Hundreds of people have attended a protest in Dublin, calling for an end to the system of direct provision.

Direct Provision provides food and shelter for asylum seekers as they await decisions on their asylum applications.

The direction provision reception system was originally intended to be a short-term solution for those seeking asylum.

Sixteen years on, more than 4,500 people are living in direct provision at 35 centres around the country - some for more than a decade.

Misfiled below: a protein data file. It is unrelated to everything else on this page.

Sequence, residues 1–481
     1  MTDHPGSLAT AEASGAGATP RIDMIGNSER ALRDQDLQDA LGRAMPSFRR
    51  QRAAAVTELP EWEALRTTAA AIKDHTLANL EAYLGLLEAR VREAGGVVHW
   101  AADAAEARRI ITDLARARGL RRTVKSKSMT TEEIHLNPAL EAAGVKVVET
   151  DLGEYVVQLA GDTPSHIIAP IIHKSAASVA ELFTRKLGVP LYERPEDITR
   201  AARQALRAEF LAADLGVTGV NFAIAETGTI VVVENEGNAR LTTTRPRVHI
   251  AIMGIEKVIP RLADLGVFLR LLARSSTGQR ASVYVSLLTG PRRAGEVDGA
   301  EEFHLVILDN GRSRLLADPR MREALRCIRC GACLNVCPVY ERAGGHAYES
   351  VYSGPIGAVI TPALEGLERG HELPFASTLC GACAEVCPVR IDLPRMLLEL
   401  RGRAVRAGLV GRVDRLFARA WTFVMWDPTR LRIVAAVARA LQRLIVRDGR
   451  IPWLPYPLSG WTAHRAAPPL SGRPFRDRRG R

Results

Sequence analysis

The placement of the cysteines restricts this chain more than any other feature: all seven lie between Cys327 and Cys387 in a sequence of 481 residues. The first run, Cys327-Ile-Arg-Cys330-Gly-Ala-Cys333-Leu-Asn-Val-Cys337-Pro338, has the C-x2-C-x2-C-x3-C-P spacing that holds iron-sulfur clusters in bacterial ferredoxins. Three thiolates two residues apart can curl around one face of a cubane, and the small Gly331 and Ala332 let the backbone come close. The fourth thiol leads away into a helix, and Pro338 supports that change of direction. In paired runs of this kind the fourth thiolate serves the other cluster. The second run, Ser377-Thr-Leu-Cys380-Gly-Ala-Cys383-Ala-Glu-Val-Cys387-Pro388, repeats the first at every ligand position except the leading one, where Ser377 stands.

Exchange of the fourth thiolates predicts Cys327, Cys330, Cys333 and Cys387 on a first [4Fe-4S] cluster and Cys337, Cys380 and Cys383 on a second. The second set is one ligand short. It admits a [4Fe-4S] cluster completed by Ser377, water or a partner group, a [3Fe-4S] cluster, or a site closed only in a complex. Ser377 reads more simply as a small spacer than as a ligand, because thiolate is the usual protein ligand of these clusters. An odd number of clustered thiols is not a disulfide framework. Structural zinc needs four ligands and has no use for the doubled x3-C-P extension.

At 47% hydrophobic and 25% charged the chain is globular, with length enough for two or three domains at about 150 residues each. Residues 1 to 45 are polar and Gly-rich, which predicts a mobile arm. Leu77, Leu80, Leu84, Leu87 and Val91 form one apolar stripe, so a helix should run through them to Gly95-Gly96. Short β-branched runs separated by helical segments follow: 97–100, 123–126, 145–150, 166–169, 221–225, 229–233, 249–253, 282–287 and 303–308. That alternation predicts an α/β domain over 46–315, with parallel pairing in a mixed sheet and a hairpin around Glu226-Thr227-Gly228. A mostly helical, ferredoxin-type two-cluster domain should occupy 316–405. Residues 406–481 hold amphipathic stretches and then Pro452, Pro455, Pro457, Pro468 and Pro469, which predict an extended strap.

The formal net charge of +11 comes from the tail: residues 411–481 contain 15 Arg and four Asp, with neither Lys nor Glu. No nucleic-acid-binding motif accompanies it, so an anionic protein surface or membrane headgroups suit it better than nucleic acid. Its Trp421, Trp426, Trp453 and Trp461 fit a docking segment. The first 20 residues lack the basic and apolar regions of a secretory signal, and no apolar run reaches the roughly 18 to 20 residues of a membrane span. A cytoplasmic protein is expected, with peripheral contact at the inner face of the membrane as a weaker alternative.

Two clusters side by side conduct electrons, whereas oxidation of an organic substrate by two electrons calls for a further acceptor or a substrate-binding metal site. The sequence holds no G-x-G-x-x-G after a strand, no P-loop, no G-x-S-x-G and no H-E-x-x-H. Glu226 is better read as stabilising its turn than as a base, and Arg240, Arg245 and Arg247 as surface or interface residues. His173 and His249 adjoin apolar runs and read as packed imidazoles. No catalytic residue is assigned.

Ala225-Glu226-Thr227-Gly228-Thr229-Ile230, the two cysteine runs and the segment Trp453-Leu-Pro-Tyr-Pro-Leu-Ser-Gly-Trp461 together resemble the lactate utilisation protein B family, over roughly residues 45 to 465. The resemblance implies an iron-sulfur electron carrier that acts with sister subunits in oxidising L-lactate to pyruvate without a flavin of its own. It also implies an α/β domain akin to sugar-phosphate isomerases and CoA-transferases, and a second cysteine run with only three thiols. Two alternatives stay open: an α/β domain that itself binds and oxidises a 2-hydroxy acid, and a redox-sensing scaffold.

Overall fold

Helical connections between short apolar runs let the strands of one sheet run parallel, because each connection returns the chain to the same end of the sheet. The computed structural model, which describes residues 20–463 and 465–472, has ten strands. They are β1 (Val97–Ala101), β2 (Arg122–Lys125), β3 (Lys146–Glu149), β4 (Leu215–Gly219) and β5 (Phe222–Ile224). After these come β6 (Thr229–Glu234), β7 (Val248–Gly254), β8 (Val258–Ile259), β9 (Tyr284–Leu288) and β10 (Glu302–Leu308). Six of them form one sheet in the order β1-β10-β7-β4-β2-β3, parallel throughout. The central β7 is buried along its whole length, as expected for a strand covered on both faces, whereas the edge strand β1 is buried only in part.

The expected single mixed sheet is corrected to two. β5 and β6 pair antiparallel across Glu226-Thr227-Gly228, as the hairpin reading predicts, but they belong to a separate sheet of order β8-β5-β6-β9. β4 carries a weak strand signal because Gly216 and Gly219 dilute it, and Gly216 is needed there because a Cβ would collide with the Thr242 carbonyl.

Hundreds of people marched through the streets of Dublin this afternoon, calling for the system to be reformed.

Campaigners also want asylum seekers to have the right to work and to have equal access to welfare payments and third-level education.

The Department of Justice said it is committed to reforming direct provision, with legislation due to be in place by the end of the year.

The International Protection Act will pave the way for the introduction of a single application procedure for asylum seekers, thereby reducing the length of time they spend in direct provision.